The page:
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Am J Orthod Dentofacial Orthop. 2013 Jun;143(6):784-92. doi: 10.1016/j.ajodo.2013.01.013.

Comparison of adult and child radiation equivalent doses from 2 dental cone-beam computed tomography units.

Author information

1
Department of Orthodontics and Pediatric Dentistry, School of Dental Medicine, State University of New York at Stony Brook, Stony Brook, NY 11794, USA. anas_82@hotmail.com

Abstract

INTRODUCTION:

With the advent of cone-beam computed tomography (CBCT) scans, there has been a transition toward these scans' replacing traditional radiographs for orthodontic diagnosis and treatment planning. Children represent a significant proportion of orthodontic patients. Similar CBCT exposure settings are predicted to result in higher equivalent doses to the head and neck organs in children than in adults. The purpose of this study was to measure the difference in equivalent organ doses from different scanners under similar settings in children compared with adults.

METHODS:

Two phantom heads were used, representing a 33-year-old woman and a 5-year-old boy. Optically stimulated dosimeters were placed at 8 key head and neck organs, and equivalent doses to these organs were calculated after scanning. The manufacturers' predefined exposure settings were used.

RESULTS:

One scanner had a pediatric preset option; the other did not. Scanning the child's phantom head with the adult settings resulted in significantly higher equivalent radiation doses to children compared with adults, ranging from a 117% average ratio of equivalent dose to 341%. Readings at the cervical spine level were decreased significantly, down to 30% of the adult equivalent dose. When the pediatric preset was used for the scans, there was a decrease in the ratio of equivalent dose to the child mandible and thyroid.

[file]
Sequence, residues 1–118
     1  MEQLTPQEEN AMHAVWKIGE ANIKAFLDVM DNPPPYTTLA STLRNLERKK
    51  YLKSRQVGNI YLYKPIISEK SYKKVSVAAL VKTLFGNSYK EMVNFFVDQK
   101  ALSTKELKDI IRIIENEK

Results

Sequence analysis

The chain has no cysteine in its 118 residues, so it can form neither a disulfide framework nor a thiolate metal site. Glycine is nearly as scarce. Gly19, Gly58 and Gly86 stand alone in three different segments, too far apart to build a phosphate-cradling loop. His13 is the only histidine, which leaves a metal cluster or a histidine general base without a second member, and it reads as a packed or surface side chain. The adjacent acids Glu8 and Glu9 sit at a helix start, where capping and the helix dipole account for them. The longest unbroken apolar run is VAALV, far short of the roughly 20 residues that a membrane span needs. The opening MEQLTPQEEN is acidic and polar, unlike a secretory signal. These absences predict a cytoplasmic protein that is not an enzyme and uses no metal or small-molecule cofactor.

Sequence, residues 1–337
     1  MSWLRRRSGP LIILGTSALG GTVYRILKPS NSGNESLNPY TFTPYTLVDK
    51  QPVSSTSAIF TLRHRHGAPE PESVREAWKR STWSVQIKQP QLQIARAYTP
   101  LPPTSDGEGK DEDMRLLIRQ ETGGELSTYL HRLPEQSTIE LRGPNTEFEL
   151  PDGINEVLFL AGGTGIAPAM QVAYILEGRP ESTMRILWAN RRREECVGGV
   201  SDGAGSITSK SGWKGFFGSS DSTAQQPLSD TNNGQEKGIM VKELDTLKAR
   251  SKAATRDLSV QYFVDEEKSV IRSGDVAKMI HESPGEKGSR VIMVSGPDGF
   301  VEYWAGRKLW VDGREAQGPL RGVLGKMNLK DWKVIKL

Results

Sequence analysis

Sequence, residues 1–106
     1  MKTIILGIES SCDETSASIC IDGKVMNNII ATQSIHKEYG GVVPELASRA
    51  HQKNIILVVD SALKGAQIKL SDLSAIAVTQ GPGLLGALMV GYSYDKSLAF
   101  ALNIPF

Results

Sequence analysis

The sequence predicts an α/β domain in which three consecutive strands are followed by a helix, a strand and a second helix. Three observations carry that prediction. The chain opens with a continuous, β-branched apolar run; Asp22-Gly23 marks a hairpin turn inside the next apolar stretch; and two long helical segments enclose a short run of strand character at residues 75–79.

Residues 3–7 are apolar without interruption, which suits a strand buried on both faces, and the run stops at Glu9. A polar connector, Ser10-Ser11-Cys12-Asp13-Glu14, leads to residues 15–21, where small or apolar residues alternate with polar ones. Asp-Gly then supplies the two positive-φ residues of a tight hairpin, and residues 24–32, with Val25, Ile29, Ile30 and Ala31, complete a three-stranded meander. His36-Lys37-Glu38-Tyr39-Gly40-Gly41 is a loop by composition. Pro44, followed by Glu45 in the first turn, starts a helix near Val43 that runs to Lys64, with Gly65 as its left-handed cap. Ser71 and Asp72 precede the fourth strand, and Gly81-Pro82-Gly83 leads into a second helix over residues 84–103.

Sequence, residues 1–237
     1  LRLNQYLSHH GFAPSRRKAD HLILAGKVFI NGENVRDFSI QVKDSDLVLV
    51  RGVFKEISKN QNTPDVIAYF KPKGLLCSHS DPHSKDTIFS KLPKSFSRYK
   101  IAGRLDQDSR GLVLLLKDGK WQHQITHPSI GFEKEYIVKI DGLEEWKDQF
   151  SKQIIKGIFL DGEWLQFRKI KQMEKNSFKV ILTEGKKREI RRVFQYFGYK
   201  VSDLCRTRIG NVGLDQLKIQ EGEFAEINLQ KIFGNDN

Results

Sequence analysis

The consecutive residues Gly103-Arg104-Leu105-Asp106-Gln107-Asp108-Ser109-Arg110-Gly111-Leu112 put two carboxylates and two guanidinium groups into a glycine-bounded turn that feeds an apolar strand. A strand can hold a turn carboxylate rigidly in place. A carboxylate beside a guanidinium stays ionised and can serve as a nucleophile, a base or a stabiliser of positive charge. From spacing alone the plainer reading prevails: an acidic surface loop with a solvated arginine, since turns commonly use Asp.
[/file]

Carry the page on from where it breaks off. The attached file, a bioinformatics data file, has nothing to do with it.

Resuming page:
CONCLUSIONS:

CBCT scans with adult settings on both phantom heads resulted in higher radiation doses to the head and neck organs in the child compared with the adult. In practice, this might result in excessive radiation to children scanned with default adult settings. Collimation should be used when possible to reduce the radiation dose to the patient. While CBCT scans offer a valuable tool, use of CBCT scans should be justified on a specific case-by-case basis.

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PMID:
23726328
DOI:
10.1016/j.ajodo.2013.01.013
[Indexed for MEDLINE]

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